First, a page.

Court Upholds Missouri|’Obstruction’ Ordinance

     (CN) – The 8th Circuit has reinstated a Springfield, Mo., ordinance allowing police officers to jail a mother for berating them as they arrested her son outside her home.




     The ordinance banned people from resisting or obstructing a city officer during an arrest.
     A three-judge panel ruled that the code did not violate Robin McDermott’s free-speech rights, pointing out that “the terms used in the ordinance — ‘obstruct’ and ‘resist’ — cover only physical acts or fighting words and do not give officers unfettered discretion to make arrests for mere words that annoy them.”
     The appeals court overturned a federal judge’s decision striking down the ordinance as unconstitutional and blocking its enforcement.
     Springfield officers arrested McDermott in 1998 for yelling profanities at them from her front porch while they charged her son, Morgan Smith, with drunk driving.
     McDermott sued, claiming the ordinance violated her free-speech rights. She claimed that when she yelled at the police she was roughly 30 feet away and did not physically obstruct the police.
     “The police informed McDermott that if she did not quiet down and go back inside her residence, she would be arrested and taken to jail,” the court wrote in an earlier opinion allowing the case to move forward. “When McDermott refused to relent, the police made good on their threat.”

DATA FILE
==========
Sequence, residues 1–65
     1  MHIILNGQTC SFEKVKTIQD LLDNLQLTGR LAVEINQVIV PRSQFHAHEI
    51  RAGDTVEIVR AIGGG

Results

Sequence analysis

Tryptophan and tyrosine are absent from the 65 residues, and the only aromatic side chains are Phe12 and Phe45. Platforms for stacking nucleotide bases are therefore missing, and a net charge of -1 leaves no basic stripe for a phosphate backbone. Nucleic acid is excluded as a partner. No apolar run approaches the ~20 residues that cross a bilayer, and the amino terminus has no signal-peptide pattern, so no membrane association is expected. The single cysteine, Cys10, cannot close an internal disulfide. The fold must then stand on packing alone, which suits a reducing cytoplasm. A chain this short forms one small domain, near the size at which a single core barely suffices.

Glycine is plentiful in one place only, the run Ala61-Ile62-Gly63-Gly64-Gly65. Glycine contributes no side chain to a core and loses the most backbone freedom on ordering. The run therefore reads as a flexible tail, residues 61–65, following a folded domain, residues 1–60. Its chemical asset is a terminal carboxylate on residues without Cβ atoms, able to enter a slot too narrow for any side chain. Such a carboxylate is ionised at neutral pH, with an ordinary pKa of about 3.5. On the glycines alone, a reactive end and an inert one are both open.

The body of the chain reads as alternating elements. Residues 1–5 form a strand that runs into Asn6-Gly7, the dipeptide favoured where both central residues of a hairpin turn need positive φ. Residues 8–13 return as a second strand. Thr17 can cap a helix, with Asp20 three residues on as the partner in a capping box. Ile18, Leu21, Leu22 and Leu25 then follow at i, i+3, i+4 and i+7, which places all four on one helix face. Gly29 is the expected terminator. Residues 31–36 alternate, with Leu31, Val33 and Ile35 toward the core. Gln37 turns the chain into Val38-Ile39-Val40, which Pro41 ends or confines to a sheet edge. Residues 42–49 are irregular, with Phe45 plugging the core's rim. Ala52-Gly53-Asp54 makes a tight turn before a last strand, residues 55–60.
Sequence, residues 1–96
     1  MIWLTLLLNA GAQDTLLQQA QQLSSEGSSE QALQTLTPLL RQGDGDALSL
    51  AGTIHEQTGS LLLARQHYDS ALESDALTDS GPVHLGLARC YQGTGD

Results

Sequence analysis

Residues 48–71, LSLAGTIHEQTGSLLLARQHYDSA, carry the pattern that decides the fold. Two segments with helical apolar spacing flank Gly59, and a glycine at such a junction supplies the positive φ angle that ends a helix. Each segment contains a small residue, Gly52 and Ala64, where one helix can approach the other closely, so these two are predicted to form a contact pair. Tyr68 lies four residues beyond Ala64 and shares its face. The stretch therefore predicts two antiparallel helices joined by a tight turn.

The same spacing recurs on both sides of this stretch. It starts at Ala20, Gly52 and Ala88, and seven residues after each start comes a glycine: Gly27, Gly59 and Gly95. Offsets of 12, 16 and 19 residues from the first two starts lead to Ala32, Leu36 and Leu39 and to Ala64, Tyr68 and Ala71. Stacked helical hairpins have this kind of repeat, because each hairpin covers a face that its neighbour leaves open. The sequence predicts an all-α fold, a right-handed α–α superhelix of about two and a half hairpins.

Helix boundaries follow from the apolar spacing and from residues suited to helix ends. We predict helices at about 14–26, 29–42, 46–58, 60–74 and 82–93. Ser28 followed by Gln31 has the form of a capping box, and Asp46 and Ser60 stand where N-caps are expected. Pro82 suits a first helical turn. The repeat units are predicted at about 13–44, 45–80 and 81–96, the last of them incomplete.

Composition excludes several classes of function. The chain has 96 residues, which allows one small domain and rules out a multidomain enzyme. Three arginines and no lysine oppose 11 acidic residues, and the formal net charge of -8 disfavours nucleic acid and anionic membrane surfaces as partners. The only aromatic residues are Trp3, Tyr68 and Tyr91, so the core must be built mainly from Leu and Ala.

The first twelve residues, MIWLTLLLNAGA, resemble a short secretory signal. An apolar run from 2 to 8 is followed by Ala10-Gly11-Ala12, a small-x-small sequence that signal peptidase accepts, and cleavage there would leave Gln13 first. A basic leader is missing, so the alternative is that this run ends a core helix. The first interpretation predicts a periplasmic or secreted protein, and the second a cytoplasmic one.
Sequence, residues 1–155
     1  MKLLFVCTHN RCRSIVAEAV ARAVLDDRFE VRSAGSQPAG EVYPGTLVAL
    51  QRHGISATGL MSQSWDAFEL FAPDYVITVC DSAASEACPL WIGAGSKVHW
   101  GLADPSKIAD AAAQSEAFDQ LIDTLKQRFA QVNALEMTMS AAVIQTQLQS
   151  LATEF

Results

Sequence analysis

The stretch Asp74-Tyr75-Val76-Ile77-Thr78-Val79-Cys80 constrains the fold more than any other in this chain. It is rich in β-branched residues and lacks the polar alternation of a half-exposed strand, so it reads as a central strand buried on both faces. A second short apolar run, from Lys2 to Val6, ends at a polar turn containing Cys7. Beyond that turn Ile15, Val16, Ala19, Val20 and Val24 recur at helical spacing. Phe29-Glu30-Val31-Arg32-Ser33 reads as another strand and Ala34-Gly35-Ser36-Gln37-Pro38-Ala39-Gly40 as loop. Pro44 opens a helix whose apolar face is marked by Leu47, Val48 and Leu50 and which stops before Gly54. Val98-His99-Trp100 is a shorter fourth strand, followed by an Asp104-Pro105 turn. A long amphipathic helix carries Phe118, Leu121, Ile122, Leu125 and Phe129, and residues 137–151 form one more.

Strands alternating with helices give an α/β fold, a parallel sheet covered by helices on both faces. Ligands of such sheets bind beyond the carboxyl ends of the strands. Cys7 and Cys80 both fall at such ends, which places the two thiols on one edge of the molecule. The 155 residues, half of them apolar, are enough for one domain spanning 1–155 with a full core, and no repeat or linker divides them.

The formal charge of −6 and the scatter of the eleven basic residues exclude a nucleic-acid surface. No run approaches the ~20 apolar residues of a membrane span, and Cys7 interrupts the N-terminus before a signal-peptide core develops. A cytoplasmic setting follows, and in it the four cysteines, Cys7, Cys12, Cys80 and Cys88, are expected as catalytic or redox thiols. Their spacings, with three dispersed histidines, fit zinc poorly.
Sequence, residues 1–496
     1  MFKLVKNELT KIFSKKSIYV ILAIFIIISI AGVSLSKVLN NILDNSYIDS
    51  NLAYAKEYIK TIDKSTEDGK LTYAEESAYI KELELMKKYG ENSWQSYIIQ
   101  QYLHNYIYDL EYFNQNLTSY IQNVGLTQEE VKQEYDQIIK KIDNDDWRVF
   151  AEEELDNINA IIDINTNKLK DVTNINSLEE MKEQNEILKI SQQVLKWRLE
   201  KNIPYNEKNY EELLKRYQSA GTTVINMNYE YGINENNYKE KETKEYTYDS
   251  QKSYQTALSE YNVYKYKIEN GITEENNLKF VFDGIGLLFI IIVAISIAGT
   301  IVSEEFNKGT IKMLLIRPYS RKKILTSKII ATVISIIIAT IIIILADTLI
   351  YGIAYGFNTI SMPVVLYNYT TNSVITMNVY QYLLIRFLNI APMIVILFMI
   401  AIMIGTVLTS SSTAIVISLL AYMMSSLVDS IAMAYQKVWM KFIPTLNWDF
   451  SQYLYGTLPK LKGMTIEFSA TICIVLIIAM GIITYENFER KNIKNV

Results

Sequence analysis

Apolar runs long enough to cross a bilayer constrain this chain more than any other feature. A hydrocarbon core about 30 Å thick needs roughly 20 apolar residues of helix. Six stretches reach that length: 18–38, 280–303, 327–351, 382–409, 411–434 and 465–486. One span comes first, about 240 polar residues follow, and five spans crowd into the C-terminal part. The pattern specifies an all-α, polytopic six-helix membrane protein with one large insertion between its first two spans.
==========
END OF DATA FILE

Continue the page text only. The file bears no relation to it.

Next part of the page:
The city argued that McDermott’s profanity-fuelled tirade, during which she called an officer an “asshole,” distracted a police dog that was searching the son’s truck for drugs.
     But the lower court ruled for McDermott and awarded her $25,000, finding that the city “had not limited its ‘obstruction code’ to fighting words or physical obstruction.”
     The 8th Circuit reversed and remanded, ruling that the ordinance is not overbroad.
     The circuit court found the ordinance distinguishable from the Supreme Court’s ruling in City of Houston v. Hill, which found a similar Houston ordinance unconstitutional “because it prohibited ‘verbal interruptions’ of officers — speech that could not be criminalized — and was not limited to fighting words or even to obscene or opprobrious language.'”
     On his blog, Pro Libertate, William Grigg wrote: “Robin’s ‘resistance’ or ‘obstruction’ consisted of heckling a knot of self-important armed bureaucrats who were acting as petty tyrants by seeking a pretext to expand their DUI-related search.”
     “I wasn’t cordial enough for their tastes when they invaded my property,” McDermott told him in late 2009.

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